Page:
Annmarie Fertoli is an Associate Producer at WNYC, working with the afternoon news team to produce All Things Considered.
City Agrees to $98 Million Settlement, Ending FDNY Discrimination Suit
Tuesday, March 18, 2014
A long-standing battle between the city and a group of black firefighters has ended.
The city has reached a $98 million settlement with the Vulcan Society, which sued the city seven years ago claiming the Fire Department’s entrance exams discriminated against minority candidates. A federal judge agreed with their claims and ordered the city to revamp the test and diversify its ranks. The city offered its first FDNY entrance exam in five years just last spring.
Darius Charney, who represented the Vulcan Society, said money from the settlement will go toward paying some 1,500 black and Latino applicants who weren’t hired — or were hired late — from the 1999 and 2002 entrance exams.
Charney said the settlement requires the FDNY to take additional steps to increase diversity, like prioritizing placement of new firefighters in the neighborhoods where they live.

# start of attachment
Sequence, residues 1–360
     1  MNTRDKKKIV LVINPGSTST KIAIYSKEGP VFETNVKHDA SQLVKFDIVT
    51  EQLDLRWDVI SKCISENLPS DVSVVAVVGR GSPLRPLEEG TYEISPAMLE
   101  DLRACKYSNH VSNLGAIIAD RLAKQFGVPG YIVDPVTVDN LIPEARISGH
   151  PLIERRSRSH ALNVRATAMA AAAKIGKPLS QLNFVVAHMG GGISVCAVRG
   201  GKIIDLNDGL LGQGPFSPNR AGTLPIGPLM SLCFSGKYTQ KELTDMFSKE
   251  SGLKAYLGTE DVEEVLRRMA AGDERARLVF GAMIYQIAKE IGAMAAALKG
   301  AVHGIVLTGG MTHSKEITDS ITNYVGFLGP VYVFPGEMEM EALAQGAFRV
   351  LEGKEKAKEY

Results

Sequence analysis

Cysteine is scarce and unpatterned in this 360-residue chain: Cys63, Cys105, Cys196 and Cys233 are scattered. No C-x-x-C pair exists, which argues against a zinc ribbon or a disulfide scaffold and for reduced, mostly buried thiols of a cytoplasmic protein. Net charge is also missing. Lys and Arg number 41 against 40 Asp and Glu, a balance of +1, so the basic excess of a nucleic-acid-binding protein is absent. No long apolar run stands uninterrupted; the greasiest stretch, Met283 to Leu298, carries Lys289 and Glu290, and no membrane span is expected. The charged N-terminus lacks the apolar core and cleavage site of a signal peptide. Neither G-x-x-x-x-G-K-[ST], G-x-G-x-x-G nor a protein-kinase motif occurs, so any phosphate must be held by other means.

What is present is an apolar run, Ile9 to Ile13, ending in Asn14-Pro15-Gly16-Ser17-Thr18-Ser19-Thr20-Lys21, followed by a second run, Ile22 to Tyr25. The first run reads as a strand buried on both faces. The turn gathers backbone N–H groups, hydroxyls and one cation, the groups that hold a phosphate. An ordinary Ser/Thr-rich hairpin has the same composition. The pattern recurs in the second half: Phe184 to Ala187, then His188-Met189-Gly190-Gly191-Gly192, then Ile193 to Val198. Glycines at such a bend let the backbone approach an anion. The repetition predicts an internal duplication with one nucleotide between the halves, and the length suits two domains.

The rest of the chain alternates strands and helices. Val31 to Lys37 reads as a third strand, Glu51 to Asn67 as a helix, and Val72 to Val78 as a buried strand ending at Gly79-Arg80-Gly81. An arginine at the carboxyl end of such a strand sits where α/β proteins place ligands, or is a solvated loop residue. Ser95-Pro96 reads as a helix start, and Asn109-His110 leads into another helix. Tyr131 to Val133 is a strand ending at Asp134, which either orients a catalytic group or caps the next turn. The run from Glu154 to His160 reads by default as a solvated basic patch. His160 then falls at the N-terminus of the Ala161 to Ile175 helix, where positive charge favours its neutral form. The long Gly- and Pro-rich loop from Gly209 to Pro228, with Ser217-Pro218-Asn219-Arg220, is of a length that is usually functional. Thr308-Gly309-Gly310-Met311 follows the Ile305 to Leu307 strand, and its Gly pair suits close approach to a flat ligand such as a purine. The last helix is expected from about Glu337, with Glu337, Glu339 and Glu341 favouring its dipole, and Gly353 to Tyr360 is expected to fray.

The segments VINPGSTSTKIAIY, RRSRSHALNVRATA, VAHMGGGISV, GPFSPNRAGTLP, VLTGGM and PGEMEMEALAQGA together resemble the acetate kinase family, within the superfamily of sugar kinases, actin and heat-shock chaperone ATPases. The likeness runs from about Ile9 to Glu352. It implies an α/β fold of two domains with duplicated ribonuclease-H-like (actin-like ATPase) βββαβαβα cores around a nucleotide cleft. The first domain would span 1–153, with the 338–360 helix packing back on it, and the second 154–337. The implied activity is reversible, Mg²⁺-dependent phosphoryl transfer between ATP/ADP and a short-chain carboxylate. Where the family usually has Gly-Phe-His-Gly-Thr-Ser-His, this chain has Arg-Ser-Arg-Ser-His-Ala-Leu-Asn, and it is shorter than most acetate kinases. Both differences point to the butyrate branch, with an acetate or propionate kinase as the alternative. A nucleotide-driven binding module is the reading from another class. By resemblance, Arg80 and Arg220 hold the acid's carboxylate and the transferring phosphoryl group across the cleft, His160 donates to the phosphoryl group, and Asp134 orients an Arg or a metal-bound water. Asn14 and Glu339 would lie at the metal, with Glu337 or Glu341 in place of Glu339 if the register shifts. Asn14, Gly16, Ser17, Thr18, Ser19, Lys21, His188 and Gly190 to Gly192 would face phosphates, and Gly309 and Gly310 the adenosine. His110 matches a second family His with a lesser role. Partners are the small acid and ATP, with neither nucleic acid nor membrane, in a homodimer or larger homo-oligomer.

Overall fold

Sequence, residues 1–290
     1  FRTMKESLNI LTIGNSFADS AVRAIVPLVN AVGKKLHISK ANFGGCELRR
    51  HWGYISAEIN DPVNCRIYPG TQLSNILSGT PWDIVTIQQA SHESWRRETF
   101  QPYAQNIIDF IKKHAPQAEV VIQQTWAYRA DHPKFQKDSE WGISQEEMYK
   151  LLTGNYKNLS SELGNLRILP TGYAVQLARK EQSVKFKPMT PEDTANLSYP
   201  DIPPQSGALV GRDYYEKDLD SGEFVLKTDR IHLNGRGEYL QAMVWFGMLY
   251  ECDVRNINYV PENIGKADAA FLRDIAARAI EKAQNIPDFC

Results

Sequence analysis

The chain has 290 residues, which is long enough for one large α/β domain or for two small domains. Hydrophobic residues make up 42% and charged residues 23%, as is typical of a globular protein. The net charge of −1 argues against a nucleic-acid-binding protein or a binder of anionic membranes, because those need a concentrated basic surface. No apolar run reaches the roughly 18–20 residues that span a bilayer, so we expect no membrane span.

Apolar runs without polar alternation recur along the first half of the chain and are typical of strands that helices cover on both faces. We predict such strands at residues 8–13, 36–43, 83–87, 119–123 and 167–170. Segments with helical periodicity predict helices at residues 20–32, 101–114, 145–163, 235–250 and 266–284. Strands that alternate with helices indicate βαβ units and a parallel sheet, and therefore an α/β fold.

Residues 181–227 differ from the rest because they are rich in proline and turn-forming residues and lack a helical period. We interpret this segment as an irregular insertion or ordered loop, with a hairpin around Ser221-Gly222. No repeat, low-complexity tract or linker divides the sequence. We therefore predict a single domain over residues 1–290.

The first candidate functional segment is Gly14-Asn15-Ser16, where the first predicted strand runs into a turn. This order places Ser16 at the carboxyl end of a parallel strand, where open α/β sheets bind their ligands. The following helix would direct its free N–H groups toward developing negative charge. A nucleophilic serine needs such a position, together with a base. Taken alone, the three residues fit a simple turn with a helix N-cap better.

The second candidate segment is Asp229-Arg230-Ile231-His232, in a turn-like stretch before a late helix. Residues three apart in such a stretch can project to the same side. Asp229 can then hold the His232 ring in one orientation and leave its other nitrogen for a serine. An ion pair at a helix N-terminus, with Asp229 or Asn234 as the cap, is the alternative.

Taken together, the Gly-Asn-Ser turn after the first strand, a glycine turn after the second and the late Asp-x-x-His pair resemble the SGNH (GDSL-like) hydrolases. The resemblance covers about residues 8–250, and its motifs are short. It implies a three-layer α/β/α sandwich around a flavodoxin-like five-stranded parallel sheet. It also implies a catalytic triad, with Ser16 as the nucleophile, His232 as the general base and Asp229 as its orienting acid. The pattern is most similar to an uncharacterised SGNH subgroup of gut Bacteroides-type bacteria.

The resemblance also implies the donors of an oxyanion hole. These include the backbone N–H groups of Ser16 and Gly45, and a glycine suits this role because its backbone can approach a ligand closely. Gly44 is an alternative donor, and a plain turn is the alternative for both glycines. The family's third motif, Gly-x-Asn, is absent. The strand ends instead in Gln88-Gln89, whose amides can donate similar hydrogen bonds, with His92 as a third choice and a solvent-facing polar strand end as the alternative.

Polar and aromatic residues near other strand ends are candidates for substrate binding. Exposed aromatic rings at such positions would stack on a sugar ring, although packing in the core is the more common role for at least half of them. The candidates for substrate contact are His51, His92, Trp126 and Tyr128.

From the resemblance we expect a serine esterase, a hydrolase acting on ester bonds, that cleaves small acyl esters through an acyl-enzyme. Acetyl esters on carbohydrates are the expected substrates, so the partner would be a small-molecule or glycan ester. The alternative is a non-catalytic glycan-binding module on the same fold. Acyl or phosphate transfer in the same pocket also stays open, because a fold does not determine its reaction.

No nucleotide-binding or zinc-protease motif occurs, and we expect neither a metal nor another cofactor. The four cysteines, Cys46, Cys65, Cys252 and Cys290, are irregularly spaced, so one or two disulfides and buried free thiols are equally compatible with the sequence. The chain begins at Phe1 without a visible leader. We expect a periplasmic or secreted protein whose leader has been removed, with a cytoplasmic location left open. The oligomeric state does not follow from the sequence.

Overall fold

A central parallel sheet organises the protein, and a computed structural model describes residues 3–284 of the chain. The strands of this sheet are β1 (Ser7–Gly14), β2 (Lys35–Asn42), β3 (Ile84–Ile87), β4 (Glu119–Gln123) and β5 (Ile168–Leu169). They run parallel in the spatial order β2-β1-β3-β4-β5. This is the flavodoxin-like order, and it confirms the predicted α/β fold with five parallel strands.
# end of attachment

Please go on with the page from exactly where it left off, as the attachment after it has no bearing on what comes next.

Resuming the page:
“Having firefighters in the community in which they live is an incredible recruitment tool and there really is no substitute for it, particularly in communities of color,” he said.
The settlement also requires the department to create a new position — a Chief Diversity and Inclusion officer — to oversee additional efforts within the department going forward.
“The brave men and women of the FDNY work tirelessly to keep us safe from harm’s way — and our administration is committed to ensuring every New Yorker who seeks to take on this heroic role has a fair opportunity to join the ranks,” de Blasio said in a statement Tuesday. “The administration is fully committed to promoting diversity and equal access in every sector across our five boroughs, and this settlement will move New York City one step closer to this goal.”
De Blasio’s predecessor Mayor Michael Bloomberg had continually challenged the judge’s ruling, even seeking at one point to have him removed from the case.